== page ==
In March, I purchased a fitness band, the Garmin Vivofit, and began using My Fitness Pal to track what I ate.  On the latter, I was able to set goals (namely a 2 lbs./week loss) and by inputting what I ate and seeing roughly what their caloric contents were, I found myself eating less in order to meet those daily goals.  With the Garmin watch/band, I started trying to walk more and more each day, especially during the late hours at work after the residents were asleep.  This combination of tracking items and conscious effort on my part to meet the goals set out led to a very rapid weight loss in late March/April, when I lost nearly half of my weight before the competition's end.

So it was with some confidence that I went to get my blood tested today.  Turns out that my cholesterol and triglyceride levels are now in the 130s and that my HDL and LDL levels have improved greatly.  No imminent threat of Type II diabetes setting in and the anemia that showed up on the January tests had disappeared (maybe due to the further healing of my left kidney after my October procedure, or maybe also due to taking vitamin supplements regularly).  If things are much the same in four months, I get to come off of my medications, so I still have motivation to work even harder to get my body healthy and toned.

And yes, there have been days where the squirrels have pushed me to the brink...

But at least now I can rest a little bit.  No, wait, I'm going for an evening walk in a few minutes.  Maybe later this weekend I'll write my first review in a few months.

Monday, April 20, 2015

Famous writer talks about being classified as a "science fiction" writer

For many readers and even some writers of science fiction, debates on who is or is not "mainstream" writing in the field may seem to be a relatively new development, or at least one that has developed new branches.  However, fifty years ago there was this author, Kurt Vonnegut, who seemed to be astride all sorts of these literary "fault lines" that are all the rage these days.  In his 1965 essay, "Science Fiction," it is interesting to see how germane his observations are in relation to what various puppies, kittens, roadkill, and other sundry SFnal groups want to argue about in regards to the "soul" of science fiction.  Below are some selections from this 3.5 page essay, reprinted in 2012 by the Library of America for Kurt Vonnegut:  Novels & Stories 1950-1962:

Years ago I was working in Schenectady for General Electric, completely surrounded by machines and ideas for machines, so I wrote a novel about people and machines, and machines frequently got the best of it, as machines will.  (It was called Player Piano, and it was brought out again in both hard cover and in paperback.)  And I learned from the reviewers that I was a science-fiction writer.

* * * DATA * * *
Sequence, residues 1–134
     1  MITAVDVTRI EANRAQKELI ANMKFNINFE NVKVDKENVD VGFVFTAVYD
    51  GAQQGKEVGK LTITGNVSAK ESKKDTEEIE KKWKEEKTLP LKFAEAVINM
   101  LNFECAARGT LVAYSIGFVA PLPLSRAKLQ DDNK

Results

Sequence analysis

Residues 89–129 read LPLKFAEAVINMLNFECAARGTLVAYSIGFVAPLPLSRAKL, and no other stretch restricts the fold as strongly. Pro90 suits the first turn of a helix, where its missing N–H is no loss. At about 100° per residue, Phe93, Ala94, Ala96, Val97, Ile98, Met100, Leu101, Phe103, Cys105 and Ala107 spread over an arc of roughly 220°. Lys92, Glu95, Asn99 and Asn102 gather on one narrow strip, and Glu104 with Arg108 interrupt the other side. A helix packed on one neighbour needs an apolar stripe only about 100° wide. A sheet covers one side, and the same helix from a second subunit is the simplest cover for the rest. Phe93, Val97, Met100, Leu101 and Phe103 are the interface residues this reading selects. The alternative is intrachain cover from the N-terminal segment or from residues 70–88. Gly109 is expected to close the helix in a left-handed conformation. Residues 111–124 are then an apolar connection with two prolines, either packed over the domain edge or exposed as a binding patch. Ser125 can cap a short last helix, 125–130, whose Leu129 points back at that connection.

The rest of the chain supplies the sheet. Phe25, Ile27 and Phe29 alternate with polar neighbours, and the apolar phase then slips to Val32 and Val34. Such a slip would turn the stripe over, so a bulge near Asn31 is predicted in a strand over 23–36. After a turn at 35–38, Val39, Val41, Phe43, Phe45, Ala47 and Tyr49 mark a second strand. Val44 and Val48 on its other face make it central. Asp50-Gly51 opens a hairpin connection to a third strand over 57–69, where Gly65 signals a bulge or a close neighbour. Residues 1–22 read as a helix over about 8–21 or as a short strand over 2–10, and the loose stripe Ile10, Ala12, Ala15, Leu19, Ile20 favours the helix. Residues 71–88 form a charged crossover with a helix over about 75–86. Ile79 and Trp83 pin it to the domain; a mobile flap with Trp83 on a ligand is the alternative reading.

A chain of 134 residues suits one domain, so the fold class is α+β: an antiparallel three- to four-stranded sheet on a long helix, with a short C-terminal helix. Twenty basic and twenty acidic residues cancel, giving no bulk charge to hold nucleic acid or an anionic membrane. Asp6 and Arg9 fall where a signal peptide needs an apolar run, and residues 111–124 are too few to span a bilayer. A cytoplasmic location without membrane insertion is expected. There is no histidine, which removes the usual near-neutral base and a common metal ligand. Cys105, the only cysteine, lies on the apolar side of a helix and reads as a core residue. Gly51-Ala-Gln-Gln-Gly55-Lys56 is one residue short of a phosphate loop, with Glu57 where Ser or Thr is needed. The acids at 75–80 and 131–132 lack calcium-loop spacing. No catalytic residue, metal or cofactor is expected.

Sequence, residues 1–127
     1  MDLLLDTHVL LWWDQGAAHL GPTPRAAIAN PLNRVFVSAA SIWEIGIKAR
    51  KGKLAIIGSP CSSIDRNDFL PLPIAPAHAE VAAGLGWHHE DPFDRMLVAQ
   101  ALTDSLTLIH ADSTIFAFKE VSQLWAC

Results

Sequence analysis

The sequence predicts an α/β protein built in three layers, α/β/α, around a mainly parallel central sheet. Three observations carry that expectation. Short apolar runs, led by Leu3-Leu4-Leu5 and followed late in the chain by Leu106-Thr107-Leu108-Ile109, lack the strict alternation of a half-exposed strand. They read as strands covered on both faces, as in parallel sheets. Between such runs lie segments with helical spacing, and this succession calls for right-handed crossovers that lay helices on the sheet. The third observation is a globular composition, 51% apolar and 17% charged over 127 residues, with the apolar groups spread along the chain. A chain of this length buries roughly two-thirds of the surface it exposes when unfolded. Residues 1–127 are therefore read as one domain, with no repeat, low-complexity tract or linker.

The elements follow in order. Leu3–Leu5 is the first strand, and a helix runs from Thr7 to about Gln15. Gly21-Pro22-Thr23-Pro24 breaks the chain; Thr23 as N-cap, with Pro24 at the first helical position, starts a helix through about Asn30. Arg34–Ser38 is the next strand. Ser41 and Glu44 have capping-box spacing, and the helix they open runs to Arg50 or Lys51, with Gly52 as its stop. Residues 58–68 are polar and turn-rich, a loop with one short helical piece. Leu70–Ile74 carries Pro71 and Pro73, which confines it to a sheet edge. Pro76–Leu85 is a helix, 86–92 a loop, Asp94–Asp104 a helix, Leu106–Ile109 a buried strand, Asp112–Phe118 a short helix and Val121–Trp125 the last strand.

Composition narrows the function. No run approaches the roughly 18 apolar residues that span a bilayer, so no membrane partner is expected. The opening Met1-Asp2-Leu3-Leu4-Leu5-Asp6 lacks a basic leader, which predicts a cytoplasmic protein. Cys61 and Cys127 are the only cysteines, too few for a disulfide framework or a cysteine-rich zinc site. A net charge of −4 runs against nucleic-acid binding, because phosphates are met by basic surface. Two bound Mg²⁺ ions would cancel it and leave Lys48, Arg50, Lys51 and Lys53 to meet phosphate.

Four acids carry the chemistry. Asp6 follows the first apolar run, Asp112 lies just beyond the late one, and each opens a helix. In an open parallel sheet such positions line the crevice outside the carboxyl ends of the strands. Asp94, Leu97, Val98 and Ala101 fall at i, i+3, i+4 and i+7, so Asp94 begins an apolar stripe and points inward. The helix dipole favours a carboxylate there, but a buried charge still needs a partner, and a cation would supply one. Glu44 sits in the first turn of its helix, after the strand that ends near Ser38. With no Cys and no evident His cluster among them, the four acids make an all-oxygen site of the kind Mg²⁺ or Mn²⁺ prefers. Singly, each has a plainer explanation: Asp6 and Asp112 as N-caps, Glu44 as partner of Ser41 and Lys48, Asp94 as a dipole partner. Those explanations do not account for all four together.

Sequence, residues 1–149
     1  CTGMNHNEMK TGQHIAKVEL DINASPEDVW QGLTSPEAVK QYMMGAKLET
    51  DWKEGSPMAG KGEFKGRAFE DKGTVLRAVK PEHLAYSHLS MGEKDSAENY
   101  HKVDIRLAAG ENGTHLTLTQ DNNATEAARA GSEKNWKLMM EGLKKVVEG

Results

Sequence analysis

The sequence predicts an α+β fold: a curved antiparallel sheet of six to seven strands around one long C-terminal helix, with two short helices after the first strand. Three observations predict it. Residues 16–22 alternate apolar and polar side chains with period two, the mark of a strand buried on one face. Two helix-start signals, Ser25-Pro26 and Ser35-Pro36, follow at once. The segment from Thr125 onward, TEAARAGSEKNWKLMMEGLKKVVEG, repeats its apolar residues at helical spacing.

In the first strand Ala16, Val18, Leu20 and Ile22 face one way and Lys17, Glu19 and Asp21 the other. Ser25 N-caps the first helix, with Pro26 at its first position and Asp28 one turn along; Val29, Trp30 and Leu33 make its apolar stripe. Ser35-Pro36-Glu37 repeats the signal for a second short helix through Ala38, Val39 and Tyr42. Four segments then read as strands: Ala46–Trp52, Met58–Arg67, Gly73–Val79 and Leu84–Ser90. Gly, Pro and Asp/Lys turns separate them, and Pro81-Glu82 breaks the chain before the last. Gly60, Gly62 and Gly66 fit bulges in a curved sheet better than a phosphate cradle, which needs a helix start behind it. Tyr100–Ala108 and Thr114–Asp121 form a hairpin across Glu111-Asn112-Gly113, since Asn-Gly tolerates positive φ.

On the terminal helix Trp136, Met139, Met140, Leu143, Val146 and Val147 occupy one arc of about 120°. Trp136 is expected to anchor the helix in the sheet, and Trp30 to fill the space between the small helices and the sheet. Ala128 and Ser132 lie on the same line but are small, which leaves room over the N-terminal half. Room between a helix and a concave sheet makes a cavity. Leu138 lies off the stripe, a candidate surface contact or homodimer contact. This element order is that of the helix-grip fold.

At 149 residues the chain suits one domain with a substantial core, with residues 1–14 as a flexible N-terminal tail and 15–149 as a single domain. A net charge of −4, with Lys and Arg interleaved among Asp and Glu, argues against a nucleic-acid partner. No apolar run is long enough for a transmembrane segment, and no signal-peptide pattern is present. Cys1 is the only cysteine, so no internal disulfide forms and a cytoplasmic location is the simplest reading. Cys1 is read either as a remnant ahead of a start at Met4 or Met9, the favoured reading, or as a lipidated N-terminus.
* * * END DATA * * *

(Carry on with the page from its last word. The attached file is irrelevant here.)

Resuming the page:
I didn't know that.  I supposed that I was writing a novel about life, about things I could not avoid seeing and hearing in Schenectady, a very real town, awkwardly set in the gruesome now.  I have been a soreheaded occupant of a file drawer label "science fiction" ever since, and I would like out, particularly since so many serious critics regularly mistake the drawer for a urinal.

The way a person gets into this drawer, apparently, is to notice technology.  The feeling persists that no one can simultaneously be a respectable writer and understand how a refrigerator works, just as no gentleman wears a brown suit in the city.  Colleges may be to blame.  English majors are encouraged, I know, to hate chemistry and physics, and to be proud because they are not dull and creepy and humorless and war-oriented like the engineers across the quad.  And our most impressive critics have commonly been such English majors, and they are squeamish about technology to this very day.  So it is natural for them to despise science fiction. (p. 781)
In light of scores of similar commentaries from other writers and readers over the intervening half-century, Vonnegut's opening statements sound very familiar.  Perhaps there is already this image of an ivory tower doing battle against the unwashed heathens of "popular fiction" floating in some readers' minds now, but the next couple of paragraphs derail this apparent train of thought, as Vonnegut veers into another topic, one that I think can still sting those who become so invested in "their" field of reading/writing:

But there are those who adore being classified as science-fiction writers anyway, who are alarmed by the possibility that they might someday be known simply as ordinary short-story writers and novelists who mention, among other things, the fruits of engineering and research.  They are happy with the status quo because their colleagues love them the way members of old-fashioned big families were supposed to do.  Science-fiction writers meet often, comfort and praise one another, exchange single-spaced letters of twenty pages and more, booze it up affectionately, and one way or another have a million heart-throbs and laughs.